June 12, 2017

UAB launches academy to increase diversity in health care leadership

Written by: Kevin Storr
Media contact: Adam Pope, arpope@uab.edu

healthcare leadership adam vThe academy will soon be open to undergraduate students across Alabama and the Southeast with an emphasis on students at UAB and at historically black colleges and universities.The University of Alabama at Birmingham recently launched the UAB Academy for Addressing Health Disparities through Health Care Leadership. The two-week program, dedicated to increasing the racial and ethnic diversity of students in graduate level health care management education and leadership, was created by the UAB School of Health Professions’ Department of Health Services Administration with guidance from the UAB Office of Diversity, Equity and Inclusion.

The inaugural academy class includes eight undergraduates from the UAB Health Care Management and UAB Public Health programs.

“We created the academy because health care organizations need a diverse management workforce dedicated to meeting the needs of increasingly diverse patient populations,” said Allyson Hall, Ph.D., academy faculty lead and health policy professor in the UAB Master of Science in Health Administration (MSHA) and HSA Doctoral programs. “Unfortunately, many graduate programs across the country struggle to attract qualified applicants from underrepresented groups. The academy will prepare outstanding UAB students to apply, enter and succeed in competitive health care leadership programs.” 

The academy lessons are highlighted by opportunities to hear from and interact with HSA alumni and students, including:

  • Rica Lewis-Payton (MSHA Class 17), former Director, Birmingham VA Medical Center
  • Deborah Grimes (Healthcare Quality and Safety, 2016), Chief Diversity Officer, UAB Health System
  • Rodgerick Williams (HCM, 2014), Division Director, Biomedical Services, CHS
  • Alexis Jackson (MSHA Class 51), Administrative Resident, Baylor Scott and White Health

The sessions, which include “Health Care: A Right or a Privilege?” and “Surviving Graduate School,” are designed to deliver firsthand, real-world experiences and provide students with the opportunity to ask pointed questions from those who have been there before.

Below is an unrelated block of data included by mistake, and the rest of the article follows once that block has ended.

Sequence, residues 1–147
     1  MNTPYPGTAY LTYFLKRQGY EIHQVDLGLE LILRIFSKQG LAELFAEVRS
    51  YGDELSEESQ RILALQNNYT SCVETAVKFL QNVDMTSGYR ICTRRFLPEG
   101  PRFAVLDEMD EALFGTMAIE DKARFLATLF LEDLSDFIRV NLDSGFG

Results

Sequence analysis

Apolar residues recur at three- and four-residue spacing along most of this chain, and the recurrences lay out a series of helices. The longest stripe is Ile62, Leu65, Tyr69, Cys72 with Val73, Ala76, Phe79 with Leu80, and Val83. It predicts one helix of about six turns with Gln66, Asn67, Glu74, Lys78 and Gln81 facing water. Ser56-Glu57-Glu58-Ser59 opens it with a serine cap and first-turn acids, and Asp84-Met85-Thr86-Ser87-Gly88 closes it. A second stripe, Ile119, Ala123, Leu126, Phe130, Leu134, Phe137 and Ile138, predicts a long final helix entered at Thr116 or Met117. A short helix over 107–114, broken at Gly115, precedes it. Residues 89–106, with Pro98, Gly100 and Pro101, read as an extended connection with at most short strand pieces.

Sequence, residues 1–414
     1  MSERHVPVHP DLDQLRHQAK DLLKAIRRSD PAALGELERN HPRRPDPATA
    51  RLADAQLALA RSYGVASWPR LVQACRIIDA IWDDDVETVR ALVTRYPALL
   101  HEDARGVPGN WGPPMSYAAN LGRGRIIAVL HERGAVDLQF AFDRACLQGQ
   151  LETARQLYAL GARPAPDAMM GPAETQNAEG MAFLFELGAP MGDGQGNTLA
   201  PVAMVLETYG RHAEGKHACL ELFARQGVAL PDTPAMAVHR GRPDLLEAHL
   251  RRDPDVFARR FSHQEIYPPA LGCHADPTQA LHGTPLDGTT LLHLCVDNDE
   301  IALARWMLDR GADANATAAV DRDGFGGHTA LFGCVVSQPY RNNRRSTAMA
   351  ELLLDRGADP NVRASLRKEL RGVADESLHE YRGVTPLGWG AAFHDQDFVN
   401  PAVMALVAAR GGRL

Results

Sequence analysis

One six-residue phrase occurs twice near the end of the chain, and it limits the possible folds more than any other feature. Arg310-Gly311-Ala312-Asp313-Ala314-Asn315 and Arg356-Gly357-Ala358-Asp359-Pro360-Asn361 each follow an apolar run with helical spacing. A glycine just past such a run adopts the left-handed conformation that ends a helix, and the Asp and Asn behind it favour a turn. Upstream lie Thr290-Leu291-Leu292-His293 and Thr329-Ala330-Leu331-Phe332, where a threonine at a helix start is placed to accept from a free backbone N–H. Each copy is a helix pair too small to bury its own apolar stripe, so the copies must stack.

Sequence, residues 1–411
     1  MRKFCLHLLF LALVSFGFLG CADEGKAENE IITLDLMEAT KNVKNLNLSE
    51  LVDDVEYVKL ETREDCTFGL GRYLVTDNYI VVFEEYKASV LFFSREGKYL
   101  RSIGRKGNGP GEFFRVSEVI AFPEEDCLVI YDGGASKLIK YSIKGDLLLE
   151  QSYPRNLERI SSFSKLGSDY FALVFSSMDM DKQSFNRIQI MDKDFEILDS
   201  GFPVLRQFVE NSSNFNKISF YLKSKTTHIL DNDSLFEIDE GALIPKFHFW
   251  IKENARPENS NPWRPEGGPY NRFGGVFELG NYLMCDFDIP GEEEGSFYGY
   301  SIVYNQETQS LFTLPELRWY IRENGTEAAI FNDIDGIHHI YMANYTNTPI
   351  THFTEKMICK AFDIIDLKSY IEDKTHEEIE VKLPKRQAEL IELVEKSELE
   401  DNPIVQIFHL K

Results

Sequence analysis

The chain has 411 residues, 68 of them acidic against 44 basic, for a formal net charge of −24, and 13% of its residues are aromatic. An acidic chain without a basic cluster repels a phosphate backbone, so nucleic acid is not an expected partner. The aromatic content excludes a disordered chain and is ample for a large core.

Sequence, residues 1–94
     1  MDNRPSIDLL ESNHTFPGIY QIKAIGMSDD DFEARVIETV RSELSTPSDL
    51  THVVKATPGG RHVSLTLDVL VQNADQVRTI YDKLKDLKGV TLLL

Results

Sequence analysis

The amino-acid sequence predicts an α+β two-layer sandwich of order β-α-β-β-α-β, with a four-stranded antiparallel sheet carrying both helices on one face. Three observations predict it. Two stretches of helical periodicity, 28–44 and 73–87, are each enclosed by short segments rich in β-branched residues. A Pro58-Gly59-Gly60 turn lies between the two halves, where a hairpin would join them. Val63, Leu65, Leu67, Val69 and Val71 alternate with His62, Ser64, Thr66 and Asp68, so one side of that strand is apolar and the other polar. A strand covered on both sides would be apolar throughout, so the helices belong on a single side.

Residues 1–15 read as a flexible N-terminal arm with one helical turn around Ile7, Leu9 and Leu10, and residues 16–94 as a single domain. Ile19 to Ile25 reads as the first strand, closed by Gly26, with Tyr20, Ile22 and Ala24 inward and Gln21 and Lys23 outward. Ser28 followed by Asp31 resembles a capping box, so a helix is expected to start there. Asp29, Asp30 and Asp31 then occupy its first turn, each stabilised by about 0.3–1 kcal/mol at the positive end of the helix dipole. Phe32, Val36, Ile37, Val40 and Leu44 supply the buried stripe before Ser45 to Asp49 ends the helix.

“Many students from underrepresented areas are unfamiliar with the vast variety of career options in health care, so we included a mentoring component to ensure our students receive insight and guidance after the academy and after graduation,” said Christy Harris Lemak, Ph.D., chair, UAB Department of Health Services Administration. “We know professional development and advancement involves being a part of a strong network, and this academy will provide these students a solid foundation of peers and mentors that will set a positive tone for their future.”

“We are excited about the potential of the Academy for Addressing Health Disparities through Health Care Leadership program,” said Paulette Patterson Dilworth, Ph.D., vice president, UAB Diversity, Equity and Inclusion. “Not only is increasing diversity in health professions the right thing to do, it is the smart thing to do. This initiative builds on UAB’s reputation of valuing differences. We are committed to attracting talented students who know we will appreciate and utilize the skills, backgrounds, perceptions and knowledge they bring to the table.”

The Academy for Addressing Health Disparities through Health Care Leadership provides GRE preparation sessions, graduate school application workshops, resume building skills and leadership development activities. It consists of UAB students from underrepresented racial or ethnic groups, as well as first-generation college students with an at least 3.0 GPA. In the future, it will be open to undergraduate students across Alabama and the Southeast with an emphasis on students at UAB and at historically black colleges and universities. 

“We believe that, as the top graduate program in one of the most diverse parts of the country, we have the opportunity to change of the face of health care leadership at UAB,” Lemak said. “This program will support a strong applicant pool of future leaders who will bring their own experience in communities that health care organizations serve — rural Alabama, cities across the state and region, and communities whose voices are often not represented in health care policy and management arenas. We are excited to take this step in reducing health disparities in Alabama, the Southeast and beyond by building a strong cadre of passionate, emerging leaders.”

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